•     I very much enjoyed this book, and found a lot of truth and encouragement in it.But as a person who has Asperger Syndrome herself, I disagree with some of the generalizations the McCabes use. While it may be true for Patrick that he needs to do several things at once, for instance, it is entirely impossible for me to do more than one thing at a time. Multitasking will often lead to total confusion, and eventually extreme irritability or shutdown in me.I am also not very organized, I am completely unable to keep my house tidy. And while I fit their concept of Aspies having a high IQ in the gifted range, my sister, who also has AS has normal intelligence (on the other hand, she IS very organized).So, while all they say is true for Patrick, his gifts, work and relationships, Aspies are individuals, too, and quite different from each other.That said, I do recommend this book to anyone who has a friend or family member with AS, as it is very helpful in explaining how people with AS think, perceive their surroundings and feel different, and how to make family life pleasant and loving by respecting the AS person (and in turn, the person with AS trying his/her best, to understand and love their family and friends).
  •     The McCabes put a very human side to the reality of having, and also living with someone who has, Asperger Syndrome. Laugh and cry with them as they share their lives with the readers so that we can understand the world through their eyes.A must read for anyone with an association with an AS person. Helpful also if you have recently become aware of AS in your own life, you are not alone. An easy read. Thank you, McCabes, for sharing your lives.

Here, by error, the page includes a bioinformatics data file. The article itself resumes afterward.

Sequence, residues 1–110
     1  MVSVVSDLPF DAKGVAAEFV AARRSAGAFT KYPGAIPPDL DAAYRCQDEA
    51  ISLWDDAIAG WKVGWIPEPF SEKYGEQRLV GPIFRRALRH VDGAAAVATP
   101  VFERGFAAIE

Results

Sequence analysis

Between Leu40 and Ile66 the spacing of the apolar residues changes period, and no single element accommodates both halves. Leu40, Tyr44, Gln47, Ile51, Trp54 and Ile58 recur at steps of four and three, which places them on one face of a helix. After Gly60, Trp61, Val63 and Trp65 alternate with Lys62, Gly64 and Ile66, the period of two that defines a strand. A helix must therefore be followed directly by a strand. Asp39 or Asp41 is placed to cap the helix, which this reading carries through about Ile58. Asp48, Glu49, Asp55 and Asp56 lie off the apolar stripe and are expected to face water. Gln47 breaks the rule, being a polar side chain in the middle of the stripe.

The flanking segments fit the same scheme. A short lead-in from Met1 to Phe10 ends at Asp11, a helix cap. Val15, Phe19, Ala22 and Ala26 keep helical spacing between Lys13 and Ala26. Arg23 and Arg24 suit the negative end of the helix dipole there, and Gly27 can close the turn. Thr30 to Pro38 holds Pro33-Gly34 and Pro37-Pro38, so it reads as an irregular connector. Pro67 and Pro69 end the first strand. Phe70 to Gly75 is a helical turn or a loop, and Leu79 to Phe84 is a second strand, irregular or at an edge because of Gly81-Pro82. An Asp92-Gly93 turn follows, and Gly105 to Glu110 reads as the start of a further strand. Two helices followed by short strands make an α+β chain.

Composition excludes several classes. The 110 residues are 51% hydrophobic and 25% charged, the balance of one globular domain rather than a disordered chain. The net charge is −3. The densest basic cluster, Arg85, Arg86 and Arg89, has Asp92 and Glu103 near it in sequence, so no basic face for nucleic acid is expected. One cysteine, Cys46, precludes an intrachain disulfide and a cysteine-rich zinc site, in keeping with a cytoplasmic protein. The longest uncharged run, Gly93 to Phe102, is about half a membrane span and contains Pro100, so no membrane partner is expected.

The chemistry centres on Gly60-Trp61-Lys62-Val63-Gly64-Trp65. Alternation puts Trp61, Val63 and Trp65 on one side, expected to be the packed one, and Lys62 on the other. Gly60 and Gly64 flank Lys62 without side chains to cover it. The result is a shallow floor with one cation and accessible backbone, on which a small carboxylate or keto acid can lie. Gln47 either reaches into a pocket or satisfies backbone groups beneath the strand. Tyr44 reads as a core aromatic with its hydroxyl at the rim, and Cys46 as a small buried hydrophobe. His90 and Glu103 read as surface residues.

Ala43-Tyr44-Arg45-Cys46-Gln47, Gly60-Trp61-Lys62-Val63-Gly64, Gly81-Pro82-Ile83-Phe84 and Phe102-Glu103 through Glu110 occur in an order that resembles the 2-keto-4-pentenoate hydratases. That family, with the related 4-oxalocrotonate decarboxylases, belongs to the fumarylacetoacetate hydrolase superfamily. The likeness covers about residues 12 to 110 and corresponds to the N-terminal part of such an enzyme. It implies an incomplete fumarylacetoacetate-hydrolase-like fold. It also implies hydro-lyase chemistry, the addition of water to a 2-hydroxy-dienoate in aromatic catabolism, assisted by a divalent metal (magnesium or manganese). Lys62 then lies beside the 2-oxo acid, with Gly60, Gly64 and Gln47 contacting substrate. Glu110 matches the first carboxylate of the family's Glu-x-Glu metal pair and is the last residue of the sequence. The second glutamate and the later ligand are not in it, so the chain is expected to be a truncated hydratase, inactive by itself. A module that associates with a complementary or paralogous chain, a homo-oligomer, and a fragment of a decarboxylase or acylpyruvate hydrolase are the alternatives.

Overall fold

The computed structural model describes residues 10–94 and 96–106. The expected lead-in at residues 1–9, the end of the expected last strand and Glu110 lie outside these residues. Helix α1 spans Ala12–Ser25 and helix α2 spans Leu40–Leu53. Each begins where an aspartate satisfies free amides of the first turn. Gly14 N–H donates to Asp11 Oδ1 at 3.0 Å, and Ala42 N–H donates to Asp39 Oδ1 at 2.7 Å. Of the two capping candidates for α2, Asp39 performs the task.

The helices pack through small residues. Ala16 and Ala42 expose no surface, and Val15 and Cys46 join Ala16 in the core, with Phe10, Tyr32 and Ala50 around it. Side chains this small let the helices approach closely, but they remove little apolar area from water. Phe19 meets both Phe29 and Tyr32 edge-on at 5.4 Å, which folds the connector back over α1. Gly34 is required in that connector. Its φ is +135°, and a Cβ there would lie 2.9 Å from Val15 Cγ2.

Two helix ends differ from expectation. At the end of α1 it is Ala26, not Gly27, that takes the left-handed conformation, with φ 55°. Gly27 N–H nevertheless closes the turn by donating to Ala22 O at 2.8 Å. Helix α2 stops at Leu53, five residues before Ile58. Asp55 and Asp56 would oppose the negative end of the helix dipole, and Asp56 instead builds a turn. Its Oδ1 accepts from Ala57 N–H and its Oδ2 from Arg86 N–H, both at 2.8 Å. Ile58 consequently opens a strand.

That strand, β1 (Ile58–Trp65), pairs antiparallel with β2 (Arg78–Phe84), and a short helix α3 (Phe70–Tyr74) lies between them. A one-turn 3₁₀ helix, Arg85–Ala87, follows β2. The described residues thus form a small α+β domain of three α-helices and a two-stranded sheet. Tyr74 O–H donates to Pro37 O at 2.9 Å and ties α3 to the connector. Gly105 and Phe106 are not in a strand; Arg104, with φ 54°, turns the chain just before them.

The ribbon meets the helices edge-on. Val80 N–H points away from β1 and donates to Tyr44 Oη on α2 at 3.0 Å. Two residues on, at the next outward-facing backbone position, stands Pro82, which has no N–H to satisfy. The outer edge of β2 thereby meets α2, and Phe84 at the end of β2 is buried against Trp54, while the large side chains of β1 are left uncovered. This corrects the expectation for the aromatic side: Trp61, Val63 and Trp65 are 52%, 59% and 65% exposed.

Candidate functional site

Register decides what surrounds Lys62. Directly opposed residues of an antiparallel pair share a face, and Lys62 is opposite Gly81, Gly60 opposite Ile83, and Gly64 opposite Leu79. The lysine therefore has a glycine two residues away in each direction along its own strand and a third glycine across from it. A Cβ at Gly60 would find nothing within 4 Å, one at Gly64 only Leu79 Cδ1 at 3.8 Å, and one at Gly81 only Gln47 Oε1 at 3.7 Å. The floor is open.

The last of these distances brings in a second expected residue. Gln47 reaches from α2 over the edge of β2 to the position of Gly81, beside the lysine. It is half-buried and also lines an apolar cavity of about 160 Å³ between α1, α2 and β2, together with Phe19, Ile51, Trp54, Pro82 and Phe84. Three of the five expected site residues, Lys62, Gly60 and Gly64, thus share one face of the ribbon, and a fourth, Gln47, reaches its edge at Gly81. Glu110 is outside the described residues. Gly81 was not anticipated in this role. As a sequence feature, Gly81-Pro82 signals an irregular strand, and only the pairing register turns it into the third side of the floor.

•     Many books on this topic are not as positive as this or have a succesful Asperger individual writing it! However, I'm not positive but I'm pretty sure the child and wife who also wrote this book are also mildly disabled too (not necessarilly Asperger's but possibly) and the family is just oblivious of this. That doesn't disvalue anything of what any of them say at all; however if they missed this they missed putting other very important details that should have been covered in this brief book also. If you have Asperger's I hope you can relate with what I'm saying especially after reading this book! Including stating that they know although the author was this way that that doesn't mean they think all people with this syndrome are. They never said they all were but they didn't say the opposite and for some reader's especially people with the syndrome I bet they need to here that in order to not assume they thought otherwise. This book can be useful but, it isn't a complete book on the topic for those just beginning to learn about this syndrome. That's not what I expected or I think what the book is met to be, but the advice could be more Asperger Specific. It is very general good advice for people to take on how to deal with many people not just those with Asperger's. And if you know quite a bit on this topic don't expect to learn anything new. If you want a book on positive Asperger's with the best roll model defiantly get Diagnosing Jefferson instead or additional to this book! It's better especially if you want a more thourough, complete, or slightly more advanced book on the topic. But, to use this book for the man and family as a role model to prove Asperger's can succeeed in the write environment surrounded with the right attidutes both personally and professionally is defiantly a good reason to get this book! The author's a manager for crying out loud!
  •     I have to admit that I had not heard of Asperger Syndrome before reading this book. Now that I have heard of it, I still do not have a clear understanding of it. I think that the McCabes wrote this book to enlighten the reader as to how they as a family unit have dealt with the syndrome. That is all well and good, but I would have gotten more out of the book, had they explained more about the syndrome itself.